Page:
The Nuts and Bolts of UGMAs and UTMAs
Your state has either a Uniform Transfers or Gifts to Minors law. These laws were established by states to make transferring assets to children relatively easy.
- You or your spouse opens the account in the name of each child and is the account's custodian. Also remember to name a successor custodian in the event of your death.
- The child's social security number is used as the account's tax ID number. The money belongs to the child, but you manage the account.
- Assets in the account are irrevocable -- you cannot withdraw them later.
- All states allow either gift or transfer accounts. With a gift account, you can earmark cash, bank accounts, stocks and bonds for the child.
- With a transfer account, in addition to the same financial instruments allowed by the gift account, you can also hold real estate and other property.
- Assets become the child's property when she reaches legal adult age (18 or 21, depending on your state's legal-age law). One thing to remember here: Once the child reaches legal age, she can do whatever she likes with the cash, and there's no way to predict how responsible (or irresponsible) she will be.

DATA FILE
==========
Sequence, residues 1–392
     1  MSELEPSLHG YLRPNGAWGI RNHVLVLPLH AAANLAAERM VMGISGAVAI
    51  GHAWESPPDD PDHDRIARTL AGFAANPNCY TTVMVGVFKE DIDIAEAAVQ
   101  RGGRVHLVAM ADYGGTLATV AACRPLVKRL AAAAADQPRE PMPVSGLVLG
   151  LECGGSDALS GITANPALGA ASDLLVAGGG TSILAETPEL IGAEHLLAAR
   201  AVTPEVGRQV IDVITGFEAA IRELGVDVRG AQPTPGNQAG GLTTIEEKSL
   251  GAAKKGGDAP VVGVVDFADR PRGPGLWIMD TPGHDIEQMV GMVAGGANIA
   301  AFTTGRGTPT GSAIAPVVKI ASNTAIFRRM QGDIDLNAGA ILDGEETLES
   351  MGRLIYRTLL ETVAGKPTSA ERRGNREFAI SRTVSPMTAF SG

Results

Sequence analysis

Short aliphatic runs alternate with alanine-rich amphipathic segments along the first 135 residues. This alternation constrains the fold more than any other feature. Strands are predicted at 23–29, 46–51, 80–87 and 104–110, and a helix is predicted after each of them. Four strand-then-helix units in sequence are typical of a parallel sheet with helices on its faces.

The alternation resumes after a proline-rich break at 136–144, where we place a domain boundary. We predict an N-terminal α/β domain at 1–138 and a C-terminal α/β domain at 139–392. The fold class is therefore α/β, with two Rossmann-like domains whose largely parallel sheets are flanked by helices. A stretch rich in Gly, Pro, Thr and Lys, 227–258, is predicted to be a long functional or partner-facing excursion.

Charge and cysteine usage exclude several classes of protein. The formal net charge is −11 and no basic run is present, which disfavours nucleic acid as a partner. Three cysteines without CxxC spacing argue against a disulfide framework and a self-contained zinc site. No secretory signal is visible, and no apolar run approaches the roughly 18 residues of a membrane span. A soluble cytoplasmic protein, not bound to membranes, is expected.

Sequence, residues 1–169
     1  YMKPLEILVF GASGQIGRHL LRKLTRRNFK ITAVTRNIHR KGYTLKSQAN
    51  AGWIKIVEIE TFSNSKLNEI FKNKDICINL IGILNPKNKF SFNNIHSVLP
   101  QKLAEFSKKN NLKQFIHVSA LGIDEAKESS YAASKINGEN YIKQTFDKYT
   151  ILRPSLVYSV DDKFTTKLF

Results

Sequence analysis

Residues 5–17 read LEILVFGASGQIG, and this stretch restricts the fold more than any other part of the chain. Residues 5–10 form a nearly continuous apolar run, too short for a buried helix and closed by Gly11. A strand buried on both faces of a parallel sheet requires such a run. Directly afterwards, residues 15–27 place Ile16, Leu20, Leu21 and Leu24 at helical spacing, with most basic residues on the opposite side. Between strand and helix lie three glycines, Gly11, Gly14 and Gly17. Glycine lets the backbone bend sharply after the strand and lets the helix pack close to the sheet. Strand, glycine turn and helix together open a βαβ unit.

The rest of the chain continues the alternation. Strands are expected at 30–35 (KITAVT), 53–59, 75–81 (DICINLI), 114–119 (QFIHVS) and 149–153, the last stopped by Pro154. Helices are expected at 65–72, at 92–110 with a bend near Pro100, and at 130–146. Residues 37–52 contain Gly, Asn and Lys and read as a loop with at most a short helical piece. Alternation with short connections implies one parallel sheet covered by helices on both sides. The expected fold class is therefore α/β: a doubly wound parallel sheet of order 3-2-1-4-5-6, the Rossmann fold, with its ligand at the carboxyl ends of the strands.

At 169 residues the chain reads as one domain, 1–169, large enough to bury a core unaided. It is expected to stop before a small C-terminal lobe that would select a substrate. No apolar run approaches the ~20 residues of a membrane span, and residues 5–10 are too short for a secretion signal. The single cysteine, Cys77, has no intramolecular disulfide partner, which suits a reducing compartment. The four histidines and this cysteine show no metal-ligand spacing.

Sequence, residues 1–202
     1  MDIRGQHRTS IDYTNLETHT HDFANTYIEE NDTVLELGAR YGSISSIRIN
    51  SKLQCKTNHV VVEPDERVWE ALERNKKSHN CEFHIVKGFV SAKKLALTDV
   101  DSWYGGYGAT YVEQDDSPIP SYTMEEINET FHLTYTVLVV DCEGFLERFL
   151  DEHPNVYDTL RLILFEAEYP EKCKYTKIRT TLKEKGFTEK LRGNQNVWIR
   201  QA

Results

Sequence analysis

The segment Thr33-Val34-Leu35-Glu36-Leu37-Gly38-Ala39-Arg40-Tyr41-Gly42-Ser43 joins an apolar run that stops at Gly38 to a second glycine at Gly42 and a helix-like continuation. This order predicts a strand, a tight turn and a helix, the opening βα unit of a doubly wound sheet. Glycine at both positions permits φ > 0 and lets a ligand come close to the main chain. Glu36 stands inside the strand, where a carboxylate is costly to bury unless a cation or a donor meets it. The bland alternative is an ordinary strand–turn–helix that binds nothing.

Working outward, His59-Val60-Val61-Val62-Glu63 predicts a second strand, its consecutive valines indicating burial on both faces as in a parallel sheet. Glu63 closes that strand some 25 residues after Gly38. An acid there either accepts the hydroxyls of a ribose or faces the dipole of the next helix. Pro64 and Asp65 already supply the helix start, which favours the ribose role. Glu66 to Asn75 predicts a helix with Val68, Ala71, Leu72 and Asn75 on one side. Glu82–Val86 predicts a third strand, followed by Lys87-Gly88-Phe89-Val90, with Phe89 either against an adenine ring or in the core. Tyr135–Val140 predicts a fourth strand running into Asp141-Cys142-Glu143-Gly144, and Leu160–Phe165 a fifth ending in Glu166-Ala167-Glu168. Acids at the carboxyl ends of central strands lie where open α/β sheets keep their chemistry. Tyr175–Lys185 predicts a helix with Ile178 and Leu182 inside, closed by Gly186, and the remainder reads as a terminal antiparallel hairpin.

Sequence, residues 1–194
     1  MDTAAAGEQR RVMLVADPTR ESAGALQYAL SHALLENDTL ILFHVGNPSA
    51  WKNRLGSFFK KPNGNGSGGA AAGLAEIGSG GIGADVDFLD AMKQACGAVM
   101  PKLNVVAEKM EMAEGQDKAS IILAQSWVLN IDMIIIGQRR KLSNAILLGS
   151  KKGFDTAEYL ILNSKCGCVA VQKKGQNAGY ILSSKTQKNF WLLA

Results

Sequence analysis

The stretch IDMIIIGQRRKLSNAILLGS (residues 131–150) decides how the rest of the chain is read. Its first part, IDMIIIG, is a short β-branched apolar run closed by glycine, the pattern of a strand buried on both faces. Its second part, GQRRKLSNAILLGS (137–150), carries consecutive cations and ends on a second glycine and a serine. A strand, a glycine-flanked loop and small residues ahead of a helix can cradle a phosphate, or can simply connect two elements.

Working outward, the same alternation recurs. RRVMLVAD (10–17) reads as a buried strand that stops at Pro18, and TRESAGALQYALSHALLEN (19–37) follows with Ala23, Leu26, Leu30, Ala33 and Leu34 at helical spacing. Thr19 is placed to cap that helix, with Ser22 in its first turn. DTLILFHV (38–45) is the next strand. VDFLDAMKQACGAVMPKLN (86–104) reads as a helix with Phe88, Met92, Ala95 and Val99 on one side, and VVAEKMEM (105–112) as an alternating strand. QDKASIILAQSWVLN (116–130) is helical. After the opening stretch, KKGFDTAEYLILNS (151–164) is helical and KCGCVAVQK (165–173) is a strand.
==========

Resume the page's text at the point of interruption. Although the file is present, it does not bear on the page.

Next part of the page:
Know the 'Kiddie Tax' Rules
How much -- if any -- tax will you pay? Any gift to a child's trust or custodial account over $10,000 is considered a taxable event. The 'kiddie tax' comes into play once the account begins to earn interest. If your child has no other income and is under age 14, the first $700 of investment income falls into the child's zero bracket. The next $700 is taxed at 15 percent, and the rest is taxed at the parents' top bracket.